Lee Jong-suk, Park Shin-hye still undecided about ‘Pinocchio’

Chinese investors buy up Korean stocks, become largest group of foreign investors

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Published : 2014-06-24 14:03
Updated : 2014-06-24 14:03

Chinese investors poured some 1.42 trillion won ($1.38 billion) into the South Korean stock market over the past six months, backed by ample liquidity and eased offshore investment regulations, to become the largest foreign net buyers of local shares, data showed Tuesday.

According to Hana Daewoo Securities Co., net purchases by Chinese investors have steadily risen from 30 billion won in December to 36 billion won in January and 42 billion won in February. The amount soared to 339 billion won in March, 669 billion won in April, and 296 billion won in May.

Chinese investors have been looking at offshore opportunities since Beijing in 2006 allowed licensed domestic institutions to invest overseas. They have been further boosted by eased liquidity from the 2008 stimulus package that followed the global financial crisis.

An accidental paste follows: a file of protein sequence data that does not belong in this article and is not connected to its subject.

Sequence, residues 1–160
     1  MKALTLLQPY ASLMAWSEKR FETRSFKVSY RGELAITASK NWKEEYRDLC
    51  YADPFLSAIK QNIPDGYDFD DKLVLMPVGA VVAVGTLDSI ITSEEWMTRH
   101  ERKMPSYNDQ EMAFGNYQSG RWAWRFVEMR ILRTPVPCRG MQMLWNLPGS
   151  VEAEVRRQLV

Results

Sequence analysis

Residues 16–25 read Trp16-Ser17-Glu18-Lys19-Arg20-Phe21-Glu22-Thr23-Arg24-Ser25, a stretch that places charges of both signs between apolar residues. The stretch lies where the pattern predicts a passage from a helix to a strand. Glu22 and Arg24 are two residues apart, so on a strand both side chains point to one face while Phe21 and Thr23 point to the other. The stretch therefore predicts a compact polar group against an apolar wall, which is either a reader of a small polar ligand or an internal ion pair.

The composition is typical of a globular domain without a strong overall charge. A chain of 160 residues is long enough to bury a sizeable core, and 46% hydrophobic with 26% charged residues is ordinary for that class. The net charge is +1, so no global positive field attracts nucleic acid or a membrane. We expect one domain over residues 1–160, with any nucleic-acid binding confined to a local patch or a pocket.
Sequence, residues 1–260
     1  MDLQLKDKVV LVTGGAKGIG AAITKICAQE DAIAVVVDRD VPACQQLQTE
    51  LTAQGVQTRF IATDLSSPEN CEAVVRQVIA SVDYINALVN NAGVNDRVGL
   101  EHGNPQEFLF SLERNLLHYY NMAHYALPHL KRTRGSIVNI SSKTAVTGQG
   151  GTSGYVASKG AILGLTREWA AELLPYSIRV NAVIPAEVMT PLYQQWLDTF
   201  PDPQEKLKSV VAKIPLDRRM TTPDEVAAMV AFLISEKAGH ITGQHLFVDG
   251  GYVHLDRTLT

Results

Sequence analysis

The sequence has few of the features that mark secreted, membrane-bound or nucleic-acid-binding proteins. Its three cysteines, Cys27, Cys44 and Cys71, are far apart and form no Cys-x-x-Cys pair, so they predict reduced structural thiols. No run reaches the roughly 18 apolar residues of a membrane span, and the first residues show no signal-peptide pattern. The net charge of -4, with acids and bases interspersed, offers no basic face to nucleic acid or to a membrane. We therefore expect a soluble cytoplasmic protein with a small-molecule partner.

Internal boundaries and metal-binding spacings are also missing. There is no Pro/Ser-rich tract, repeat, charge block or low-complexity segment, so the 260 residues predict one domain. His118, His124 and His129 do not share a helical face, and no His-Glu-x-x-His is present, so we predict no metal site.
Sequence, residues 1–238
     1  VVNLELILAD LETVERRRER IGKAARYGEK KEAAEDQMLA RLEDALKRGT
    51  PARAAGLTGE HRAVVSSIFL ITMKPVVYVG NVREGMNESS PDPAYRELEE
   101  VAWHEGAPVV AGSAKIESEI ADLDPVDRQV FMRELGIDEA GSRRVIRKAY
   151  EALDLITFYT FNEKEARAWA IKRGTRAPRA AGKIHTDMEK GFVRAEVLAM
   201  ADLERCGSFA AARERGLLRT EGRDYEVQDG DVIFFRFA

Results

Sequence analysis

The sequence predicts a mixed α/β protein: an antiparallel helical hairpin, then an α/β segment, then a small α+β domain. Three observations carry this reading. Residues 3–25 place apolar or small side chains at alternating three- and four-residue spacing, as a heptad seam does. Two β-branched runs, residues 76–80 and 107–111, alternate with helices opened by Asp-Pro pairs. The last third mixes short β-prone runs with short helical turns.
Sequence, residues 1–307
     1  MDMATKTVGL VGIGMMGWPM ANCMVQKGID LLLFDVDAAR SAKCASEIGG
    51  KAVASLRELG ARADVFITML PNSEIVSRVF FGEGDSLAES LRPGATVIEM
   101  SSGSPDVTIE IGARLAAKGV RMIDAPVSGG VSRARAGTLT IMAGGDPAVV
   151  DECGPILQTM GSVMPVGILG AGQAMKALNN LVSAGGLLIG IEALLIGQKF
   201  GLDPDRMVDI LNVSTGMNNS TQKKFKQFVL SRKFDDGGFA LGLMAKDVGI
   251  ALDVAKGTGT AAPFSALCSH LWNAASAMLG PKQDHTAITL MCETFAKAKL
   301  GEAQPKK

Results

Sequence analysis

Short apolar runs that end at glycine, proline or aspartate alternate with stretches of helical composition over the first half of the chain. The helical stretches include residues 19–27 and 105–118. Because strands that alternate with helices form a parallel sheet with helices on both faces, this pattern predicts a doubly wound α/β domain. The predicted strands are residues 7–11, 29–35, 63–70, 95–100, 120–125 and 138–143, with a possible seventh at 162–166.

From January 2008 through May 2014, Chinese investors bought 8.3 trillion won worth of Korean stocks, trailed by Saudi Arabia with 6.4 trillion won and Canada with 2.3 trillion won.

Analysts say the injection of Chinese money has driven the heavy foreign buying in the Seoul bourse since April, offsetting investors from advanced economies who have been selling Korean shares to move to other emerging markets.

As Chinese institutions have set quotas under the Qualified Domestic Institutional Investors system, they may reduce the number of their Hong Kong shares to fill their portfolios with Asian stocks to reap more returns, said Han Jung-sook, a China researcher at Hana Daetoo Securities Co.

"Chinese investors see less benefit in investing in the Hong Kong market since the price gap between the mainland and Hong Kong equity markets is narrowing. There are possibilities of Chinese money flowing into other Asian countries or emerging economies," Han said.

As the mainland market remains stagnant due to strict financial regulations, Chinese funds will continue to flow into Korea, he said.

According to the Chinese central bank, more than 100 institutions are qualified to invest a combined quota of $76.80 billion overseas. In the January-March period, South Korea drew 5.8 percent of the quota, the third-largest amount after Hong Kong and the United States. (Yonhap)

 

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